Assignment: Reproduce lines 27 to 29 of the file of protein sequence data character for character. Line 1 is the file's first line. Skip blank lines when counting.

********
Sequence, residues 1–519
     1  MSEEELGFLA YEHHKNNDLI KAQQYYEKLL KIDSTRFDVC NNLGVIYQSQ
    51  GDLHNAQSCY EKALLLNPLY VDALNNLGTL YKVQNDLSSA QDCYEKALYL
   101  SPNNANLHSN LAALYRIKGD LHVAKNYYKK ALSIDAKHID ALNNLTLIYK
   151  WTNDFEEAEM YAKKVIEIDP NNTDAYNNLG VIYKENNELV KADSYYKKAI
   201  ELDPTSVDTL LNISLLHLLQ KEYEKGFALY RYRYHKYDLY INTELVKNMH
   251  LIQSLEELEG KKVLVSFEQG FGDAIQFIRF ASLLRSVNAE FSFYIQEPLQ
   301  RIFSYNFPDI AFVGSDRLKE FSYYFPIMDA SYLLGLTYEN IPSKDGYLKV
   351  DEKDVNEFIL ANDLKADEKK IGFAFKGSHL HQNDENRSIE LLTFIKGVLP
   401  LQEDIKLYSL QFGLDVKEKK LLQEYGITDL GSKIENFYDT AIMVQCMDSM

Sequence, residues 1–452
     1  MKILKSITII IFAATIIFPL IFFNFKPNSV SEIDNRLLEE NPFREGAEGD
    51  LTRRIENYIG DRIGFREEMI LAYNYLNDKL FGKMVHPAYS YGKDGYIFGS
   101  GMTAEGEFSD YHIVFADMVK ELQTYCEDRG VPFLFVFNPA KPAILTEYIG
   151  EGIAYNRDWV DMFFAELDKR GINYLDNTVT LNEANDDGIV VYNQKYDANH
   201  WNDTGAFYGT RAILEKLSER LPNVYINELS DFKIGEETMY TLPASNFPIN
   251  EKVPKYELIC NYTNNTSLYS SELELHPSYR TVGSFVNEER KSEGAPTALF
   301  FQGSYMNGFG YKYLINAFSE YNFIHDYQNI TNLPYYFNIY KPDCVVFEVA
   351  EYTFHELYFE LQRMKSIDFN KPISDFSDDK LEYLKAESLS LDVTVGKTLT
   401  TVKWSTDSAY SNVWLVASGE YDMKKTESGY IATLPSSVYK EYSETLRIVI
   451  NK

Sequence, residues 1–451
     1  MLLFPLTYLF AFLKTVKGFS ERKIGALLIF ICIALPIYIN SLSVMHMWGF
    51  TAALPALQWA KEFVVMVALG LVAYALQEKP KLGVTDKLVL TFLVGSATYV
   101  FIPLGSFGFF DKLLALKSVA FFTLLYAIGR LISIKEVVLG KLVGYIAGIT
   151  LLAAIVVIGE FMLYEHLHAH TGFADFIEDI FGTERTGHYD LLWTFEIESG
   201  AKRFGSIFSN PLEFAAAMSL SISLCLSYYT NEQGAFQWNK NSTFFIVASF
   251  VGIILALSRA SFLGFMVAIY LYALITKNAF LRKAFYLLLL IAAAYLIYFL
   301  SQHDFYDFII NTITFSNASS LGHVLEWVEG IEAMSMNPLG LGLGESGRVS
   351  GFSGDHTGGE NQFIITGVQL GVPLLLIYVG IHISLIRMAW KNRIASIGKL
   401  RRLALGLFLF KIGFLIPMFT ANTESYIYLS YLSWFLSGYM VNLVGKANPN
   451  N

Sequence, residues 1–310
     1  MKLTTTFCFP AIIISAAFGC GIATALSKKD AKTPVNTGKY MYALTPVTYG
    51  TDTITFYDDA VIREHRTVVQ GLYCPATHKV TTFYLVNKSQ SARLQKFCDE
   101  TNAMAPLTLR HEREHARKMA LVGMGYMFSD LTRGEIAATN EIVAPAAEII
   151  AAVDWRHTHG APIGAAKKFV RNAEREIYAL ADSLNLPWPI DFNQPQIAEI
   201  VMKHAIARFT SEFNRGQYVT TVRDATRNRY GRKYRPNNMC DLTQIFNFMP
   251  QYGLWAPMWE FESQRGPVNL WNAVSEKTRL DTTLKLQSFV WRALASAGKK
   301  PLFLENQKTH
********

   201  AKRFGSIFSN PLEFAAAMSL SISLCLSYYT NEQGAFQWNK NSTFFIVASF
   251  VGIILALSRA SFLGFMVAIY LYALITKNAF LRKAFYLLLL IAAAYLIYFL
   301  SQHDFYDFII NTITFSNASS LGHVLEWVEG IEAMSMNPLG LGLGESGRVS